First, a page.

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Allister Biography

Last updated: 09/22/2007 12:00:00 PM

Pity the cops patrolling suburban streets: Allister has recorded the soundtrack to a million speeding tickets--and probably a few other offenses it's best not to mention here. The quartet's second disc, "Last Stop Suburbia", races past your ears faster than its seventeen songs can be absorbed. The energy is contagious.

With one foot crushed to the floor, one hand cranking the radio and the other hand steering out of town, the Chicago-area quartet delivers sing-a-long melodies that bounce around your brain for days. Over the breakneck chord changes and hyper-kinetic drumming, the band's sentimental lyrics supply what every suburban upbringing ideally should but so rarely does: experiences you won't want to forget, much less escape.

Ironically, escape from suburbia is exactly what Allister's new disc will provide the band. Even before the album's release, the quartet criss-crossed the States on the Drive-Thru Records' stage on this year's Vans Warped Tour. Prior to that, they road tested the material in Japan with label mates Home Grown. But while "Last Stop Suburbia" and the band's energetic live show will undoubtedly help Allister reach a wider audience, the band's final destination seems unavoidable to singer-guitarist Tim Rogner.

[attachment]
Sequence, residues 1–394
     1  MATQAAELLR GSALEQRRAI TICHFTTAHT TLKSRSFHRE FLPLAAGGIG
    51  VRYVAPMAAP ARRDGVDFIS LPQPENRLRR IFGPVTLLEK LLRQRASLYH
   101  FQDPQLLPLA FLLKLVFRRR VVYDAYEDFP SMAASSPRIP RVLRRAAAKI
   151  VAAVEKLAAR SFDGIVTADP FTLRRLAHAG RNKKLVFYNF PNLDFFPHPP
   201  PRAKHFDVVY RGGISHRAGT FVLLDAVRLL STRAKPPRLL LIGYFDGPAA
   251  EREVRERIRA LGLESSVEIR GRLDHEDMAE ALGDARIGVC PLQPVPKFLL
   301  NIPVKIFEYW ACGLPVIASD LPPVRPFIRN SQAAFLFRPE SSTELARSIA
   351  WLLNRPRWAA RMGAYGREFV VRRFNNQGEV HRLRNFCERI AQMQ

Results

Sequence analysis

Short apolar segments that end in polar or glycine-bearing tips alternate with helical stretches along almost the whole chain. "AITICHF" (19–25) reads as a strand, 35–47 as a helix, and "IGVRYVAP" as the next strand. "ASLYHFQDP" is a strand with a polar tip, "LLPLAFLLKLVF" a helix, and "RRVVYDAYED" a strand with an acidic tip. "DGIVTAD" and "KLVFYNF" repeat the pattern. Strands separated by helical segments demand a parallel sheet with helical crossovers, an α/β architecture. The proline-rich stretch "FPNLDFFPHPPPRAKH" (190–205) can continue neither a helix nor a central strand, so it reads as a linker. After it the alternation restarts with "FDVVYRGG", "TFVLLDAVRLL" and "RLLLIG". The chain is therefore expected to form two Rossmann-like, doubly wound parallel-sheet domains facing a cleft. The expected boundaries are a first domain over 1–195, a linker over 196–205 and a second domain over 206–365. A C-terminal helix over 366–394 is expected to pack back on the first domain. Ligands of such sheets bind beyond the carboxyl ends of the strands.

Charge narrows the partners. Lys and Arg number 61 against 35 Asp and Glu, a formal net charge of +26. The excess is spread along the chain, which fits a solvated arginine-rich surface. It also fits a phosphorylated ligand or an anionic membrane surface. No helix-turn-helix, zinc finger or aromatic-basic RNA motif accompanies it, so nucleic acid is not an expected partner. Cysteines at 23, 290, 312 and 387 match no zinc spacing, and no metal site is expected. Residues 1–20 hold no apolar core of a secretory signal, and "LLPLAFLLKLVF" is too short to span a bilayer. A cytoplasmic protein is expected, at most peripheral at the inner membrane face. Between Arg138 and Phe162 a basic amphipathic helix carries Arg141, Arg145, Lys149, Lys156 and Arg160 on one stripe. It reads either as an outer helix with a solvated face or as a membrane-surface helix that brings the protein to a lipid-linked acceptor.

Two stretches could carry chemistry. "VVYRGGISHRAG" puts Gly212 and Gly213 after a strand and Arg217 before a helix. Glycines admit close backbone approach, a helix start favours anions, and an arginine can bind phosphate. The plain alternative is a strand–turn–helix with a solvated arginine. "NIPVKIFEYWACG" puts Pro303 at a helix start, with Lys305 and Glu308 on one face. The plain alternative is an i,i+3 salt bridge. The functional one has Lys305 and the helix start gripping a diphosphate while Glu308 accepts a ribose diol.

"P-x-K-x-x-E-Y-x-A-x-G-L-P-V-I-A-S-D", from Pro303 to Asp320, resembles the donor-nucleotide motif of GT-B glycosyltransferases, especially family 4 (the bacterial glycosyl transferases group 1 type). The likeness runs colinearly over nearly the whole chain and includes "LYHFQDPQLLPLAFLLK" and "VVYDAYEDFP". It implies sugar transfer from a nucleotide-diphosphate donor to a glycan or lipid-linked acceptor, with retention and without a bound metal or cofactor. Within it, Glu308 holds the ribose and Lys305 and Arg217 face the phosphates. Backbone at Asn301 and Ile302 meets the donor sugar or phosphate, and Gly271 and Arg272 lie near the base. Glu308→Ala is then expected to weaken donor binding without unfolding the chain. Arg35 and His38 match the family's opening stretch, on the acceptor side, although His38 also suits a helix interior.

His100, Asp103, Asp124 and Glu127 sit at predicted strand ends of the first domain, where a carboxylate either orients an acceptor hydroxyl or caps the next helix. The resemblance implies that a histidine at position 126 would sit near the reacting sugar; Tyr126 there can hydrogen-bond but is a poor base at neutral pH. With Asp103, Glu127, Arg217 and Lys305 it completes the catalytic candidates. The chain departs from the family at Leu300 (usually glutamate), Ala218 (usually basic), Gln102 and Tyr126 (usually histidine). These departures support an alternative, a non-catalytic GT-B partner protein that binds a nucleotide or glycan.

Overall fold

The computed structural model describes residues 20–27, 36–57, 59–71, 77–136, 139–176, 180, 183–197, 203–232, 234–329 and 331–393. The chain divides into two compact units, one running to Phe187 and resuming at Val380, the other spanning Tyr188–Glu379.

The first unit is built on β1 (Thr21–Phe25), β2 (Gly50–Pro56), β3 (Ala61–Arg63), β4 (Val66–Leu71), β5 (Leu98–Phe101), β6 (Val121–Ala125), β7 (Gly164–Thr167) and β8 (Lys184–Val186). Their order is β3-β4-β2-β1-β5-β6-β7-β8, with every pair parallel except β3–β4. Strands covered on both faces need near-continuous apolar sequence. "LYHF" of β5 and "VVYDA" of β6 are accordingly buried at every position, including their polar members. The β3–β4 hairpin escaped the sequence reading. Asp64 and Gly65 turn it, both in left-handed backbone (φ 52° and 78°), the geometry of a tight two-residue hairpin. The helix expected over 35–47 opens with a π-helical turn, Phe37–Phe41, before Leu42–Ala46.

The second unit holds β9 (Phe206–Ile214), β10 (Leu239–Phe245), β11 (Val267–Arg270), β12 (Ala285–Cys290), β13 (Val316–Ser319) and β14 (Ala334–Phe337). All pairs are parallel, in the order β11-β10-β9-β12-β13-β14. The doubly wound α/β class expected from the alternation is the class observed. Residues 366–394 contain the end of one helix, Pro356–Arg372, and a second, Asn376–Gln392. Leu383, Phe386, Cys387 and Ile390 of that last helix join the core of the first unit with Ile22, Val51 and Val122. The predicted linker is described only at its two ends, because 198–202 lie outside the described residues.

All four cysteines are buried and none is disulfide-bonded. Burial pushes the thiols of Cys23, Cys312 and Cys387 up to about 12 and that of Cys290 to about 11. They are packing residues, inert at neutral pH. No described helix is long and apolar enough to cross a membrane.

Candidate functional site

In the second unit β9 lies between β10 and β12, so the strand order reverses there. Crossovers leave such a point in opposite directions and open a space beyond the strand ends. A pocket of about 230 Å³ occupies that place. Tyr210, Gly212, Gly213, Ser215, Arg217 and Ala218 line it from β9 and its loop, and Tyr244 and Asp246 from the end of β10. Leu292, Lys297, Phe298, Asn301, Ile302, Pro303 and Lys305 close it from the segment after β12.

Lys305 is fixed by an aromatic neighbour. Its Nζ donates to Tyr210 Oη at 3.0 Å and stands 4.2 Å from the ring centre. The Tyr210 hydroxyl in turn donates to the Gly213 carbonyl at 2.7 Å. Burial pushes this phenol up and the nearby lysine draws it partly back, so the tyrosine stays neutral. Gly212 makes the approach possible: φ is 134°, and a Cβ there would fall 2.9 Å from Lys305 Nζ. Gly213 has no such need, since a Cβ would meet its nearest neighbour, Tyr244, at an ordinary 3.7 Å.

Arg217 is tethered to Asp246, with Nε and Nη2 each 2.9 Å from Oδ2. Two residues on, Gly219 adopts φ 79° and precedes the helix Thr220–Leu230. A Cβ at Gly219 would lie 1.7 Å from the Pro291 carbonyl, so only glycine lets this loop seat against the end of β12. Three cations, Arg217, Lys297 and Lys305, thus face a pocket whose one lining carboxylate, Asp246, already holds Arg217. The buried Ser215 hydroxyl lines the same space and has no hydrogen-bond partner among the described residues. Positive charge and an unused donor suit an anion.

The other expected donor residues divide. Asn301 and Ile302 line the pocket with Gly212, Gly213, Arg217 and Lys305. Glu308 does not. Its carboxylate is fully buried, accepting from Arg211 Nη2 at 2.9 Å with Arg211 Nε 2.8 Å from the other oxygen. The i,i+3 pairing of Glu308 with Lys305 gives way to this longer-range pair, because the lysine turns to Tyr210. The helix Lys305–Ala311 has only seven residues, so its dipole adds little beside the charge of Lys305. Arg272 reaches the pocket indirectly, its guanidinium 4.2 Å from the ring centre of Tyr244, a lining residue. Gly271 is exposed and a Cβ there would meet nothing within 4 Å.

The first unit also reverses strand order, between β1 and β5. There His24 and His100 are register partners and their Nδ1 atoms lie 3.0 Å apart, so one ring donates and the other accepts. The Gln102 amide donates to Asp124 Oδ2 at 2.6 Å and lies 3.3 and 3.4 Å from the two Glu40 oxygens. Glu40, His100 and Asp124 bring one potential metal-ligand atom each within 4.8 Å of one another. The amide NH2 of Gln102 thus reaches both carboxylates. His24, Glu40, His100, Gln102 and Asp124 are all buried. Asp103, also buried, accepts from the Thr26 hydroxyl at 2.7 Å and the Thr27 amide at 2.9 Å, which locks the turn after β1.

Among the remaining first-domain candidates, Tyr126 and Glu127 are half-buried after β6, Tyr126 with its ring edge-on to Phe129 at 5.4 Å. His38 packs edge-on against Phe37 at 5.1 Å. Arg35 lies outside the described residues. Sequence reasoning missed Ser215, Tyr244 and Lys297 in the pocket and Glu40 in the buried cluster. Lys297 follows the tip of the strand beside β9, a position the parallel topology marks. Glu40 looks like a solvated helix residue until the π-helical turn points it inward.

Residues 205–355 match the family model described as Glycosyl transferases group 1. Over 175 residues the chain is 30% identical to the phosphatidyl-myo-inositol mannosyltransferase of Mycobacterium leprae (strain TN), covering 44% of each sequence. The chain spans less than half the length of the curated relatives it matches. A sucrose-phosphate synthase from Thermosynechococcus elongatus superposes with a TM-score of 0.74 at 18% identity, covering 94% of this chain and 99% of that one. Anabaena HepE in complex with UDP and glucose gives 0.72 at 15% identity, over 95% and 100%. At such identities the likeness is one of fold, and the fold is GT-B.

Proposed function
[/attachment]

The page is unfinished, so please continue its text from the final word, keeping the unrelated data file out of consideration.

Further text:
"We were talking about how it's really funny that whenever we're done with these tours, we go back home to suburbia," he says, explaining the album's title. "The suburbs that we're from aren't bad, but they're not great, either. But we've learned to accept the fact that we're from the suburbs--that's where we grew up; that's where we are. We're not proud of it, but we don't hate it."

Despite the finality in its title, "Last Stop Suburbia" actually captures the band in transition. Songs like "Radio Player," "None Of My Friends Are Punks" and "Somewhere On Fullerton" (a tribute to Chicago's soon-to-close punk venue, Fireside Bowl) are consumed with balancing the past and the future. Questions abound. How do you preserve the past when it's being torn down around you? How do you stay true to your punk ideals when all of your friends are taking straight jobs? How do you stride into adulthood when your band is named after the barely teenaged host of a kids' show?

Yes, Allister formed in 1997 and named themselves--phonetically, at least--after Alasdair Gillis, the host of You Can't Do That On Television. Before then, the Nickelodeon-syndicated '80s children's show was known for spawning two things: green slime and Alanis Morissette. (Which is more stomach-churning? You be the judge.) Inspired by punk's D.I.Y. ethic--and perhaps the show's anything-goes vibe--Allister quickly recorded a demo and shipped it to various labels.

The band's charming irreverence and catchy light speed punk caught the ear of Drive-Thru's Richard and Stefanie Reines, who were then literally operating out of a garage. The label subsequently released the band's "Dead Ends And Girlfriends." The debut was recorded for a mere $700 and featured songs such as "Jacob Thinks I'm Gay" and covers of "Fraggle Rock," the theme to Jim Henson's Muppet-tastic spin-off, and "I Want It That Way," the hit by those other puppets, the Backstreet Boys.

No, the word "mature" wasn't tossed around in any reviews of the disc, but then no one expected that from the teenaged band members, all of whom had suffixed their first names with a "y" or "ie."